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What is Family Therapy?

Family Therapy is a branch of psychotherapy that works with families or couples in intimate relationships. It tends to view change in terms of the systems of interactions between family members. Families are seen as an interconnected force where the actions of the family members affect the health or dysfunction of each individual and the family as a whole. Family therapists focus on relationship patterns and are generally more interested in what goes on between family members rather than within one or more individuals. One family member may have a problem and the family relationships may be contributing to or maintaining that problem. For example, when a child has a behavior problem, family therapists may see the child as a 'scapegoat' and view the problem as actually residing within the family system. Family therapists avoid blaming any family member for the problem, and instead help the family interact in different ways that may solve the problem. There are both general, historical models of Family therapy (i.e., Structural, Strategic, Bowenian) and more specific, evidence-based approaches that are based on the earlier models. Strong research evidence suggests that both general and specific family therapy approaches are effective with a wide variety of clinical problems, including the treatment of schizophrenia, alcoholism, drug abuse, and adolescent conduct/oppositional defiant disorders. Below are examples of evidence-based family interventions that are proven to be effective for children and adolescents:

  • Brief Strategic Family Therapy (BSFT) is a family-based intervention designed to prevent and target youth behavior problems. BSFT intervenes with children and adolescents who are at-risk, or who are displaying behavior problems, including substance use and delinquency. Further, it is based on the fundamental assumption that adaptive family interactions can play a crucial role in protecting children from negative influences, and that maladaptive family interactions can contribute to the evolution of behavior problems.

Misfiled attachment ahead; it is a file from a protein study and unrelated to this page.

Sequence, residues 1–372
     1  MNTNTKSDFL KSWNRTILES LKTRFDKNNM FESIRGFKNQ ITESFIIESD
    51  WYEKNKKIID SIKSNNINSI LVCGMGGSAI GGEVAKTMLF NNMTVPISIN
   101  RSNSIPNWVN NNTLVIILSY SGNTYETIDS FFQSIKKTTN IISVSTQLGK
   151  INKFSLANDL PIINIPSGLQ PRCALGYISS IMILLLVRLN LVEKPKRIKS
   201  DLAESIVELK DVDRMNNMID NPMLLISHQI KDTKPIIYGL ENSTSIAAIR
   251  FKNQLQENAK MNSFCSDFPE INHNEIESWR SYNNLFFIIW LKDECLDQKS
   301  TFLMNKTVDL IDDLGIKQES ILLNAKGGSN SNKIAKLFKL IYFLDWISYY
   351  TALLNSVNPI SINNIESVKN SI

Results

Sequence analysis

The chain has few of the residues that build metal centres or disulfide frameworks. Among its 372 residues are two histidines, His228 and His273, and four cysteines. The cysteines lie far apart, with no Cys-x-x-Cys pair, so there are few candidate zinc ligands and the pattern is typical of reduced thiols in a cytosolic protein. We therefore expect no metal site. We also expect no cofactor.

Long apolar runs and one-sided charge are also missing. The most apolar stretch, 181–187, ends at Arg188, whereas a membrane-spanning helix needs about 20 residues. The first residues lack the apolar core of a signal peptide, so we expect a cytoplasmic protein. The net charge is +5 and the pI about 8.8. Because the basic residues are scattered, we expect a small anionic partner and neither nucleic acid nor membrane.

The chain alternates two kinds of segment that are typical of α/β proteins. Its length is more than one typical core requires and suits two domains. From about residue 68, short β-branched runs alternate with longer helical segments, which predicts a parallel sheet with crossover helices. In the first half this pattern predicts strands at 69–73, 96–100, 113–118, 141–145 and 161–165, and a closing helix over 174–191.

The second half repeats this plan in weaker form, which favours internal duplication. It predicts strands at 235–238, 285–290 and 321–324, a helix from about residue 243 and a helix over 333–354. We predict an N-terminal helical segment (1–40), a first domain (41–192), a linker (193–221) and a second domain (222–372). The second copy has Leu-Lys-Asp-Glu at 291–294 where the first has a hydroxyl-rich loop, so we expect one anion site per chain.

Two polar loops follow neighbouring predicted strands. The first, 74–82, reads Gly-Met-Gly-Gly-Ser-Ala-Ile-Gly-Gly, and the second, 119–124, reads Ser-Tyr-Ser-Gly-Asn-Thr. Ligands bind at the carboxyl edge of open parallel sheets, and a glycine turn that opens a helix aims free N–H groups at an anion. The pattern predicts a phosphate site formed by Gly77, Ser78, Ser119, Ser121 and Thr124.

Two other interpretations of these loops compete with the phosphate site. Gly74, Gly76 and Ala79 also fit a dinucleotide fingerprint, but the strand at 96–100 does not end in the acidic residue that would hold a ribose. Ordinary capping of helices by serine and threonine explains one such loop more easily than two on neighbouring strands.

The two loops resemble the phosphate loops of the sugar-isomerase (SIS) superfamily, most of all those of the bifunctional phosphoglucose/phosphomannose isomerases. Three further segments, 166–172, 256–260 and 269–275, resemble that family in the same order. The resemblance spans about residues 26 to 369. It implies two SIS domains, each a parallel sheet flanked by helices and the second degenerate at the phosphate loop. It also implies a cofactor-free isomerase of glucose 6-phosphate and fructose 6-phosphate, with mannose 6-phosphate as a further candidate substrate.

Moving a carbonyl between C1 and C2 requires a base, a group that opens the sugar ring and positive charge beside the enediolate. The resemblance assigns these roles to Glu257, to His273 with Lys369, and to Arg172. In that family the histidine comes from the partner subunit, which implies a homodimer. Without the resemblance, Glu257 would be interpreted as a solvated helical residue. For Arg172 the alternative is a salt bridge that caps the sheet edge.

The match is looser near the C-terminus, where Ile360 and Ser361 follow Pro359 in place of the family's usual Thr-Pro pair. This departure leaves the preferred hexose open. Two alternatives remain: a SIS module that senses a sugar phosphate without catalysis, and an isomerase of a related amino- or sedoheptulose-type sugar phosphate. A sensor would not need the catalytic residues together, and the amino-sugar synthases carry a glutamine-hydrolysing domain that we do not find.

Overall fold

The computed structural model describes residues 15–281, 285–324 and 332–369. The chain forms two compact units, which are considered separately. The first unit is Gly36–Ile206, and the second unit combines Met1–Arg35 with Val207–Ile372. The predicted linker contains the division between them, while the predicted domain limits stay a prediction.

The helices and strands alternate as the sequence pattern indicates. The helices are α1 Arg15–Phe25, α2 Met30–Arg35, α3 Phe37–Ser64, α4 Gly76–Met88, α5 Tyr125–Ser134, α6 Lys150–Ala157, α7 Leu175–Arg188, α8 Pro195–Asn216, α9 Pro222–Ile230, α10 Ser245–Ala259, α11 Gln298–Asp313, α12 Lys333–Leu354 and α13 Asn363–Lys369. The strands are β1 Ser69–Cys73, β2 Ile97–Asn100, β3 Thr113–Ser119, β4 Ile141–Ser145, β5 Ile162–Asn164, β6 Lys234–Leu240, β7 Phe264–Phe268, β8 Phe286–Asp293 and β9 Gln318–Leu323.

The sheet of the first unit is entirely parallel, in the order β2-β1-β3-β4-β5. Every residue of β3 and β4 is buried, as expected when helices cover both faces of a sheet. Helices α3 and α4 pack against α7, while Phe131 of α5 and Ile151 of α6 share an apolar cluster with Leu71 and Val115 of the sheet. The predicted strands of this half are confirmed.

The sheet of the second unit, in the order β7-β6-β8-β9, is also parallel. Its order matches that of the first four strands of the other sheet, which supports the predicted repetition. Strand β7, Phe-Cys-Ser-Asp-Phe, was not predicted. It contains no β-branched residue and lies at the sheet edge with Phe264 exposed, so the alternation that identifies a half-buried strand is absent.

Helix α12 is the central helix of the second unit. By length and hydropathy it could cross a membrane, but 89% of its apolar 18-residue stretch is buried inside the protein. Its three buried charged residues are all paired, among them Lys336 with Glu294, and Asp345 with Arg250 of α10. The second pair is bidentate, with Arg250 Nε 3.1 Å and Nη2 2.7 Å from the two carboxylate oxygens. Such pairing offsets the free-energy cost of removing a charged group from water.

• Multisystemic Therapy (MST) is a family-focused evidence-based intervention program for youth antisocial behaviors and substance abuse. MST subscribes to the view that behaviors are embedded in multidimensional contexts and that problems are determined by multiple social-ecological factors in the individual, family, peer group, school, and community. MST interventions aim to reduce the prevalence of antisocial behavior and other clinical problems, to improve functioning, and to provide cost-effective treatment of offenders with mental health issues. Click here for more information about MST.
     
  • Multidimensional Family Therapy (MDFT) is a family-based treatment and substance-abuse prevention program developed for adolescents with drug and behavior problems. The multidimensional perspective suggests that symptom reduction and enhancement of prosocial and appropriate developmental functions occur by facilitating adaptive developmental events and processes in several domains of functioning. The treatment seeks to significantly reduce or eliminate an adolescent's substance abuse and other problem behaviors and to improve overall family functioning through multiple components, assessments, and interventions in several core areas of life.
     
  • Functional Family Therapy (FFT) is a family-focused, evidence-based intervention program for at-risk youth (ages 11-18) and their families. Goals in FFT are to engage and motivate youth and their families by decreasing the intense negativity so often characteristic of these families. FFT therapists also work to reduce and eliminate the problem behaviors and accompanying family relational patterns through individualized behavior change interventions, which could include skills such as family communication, parenting, problem solving, and conflict management. Finally, FFT therapists help families generalize changes across problem situations by increasing the family's capacity to adequately utilize community resources, and engage in relapse prevention.

 
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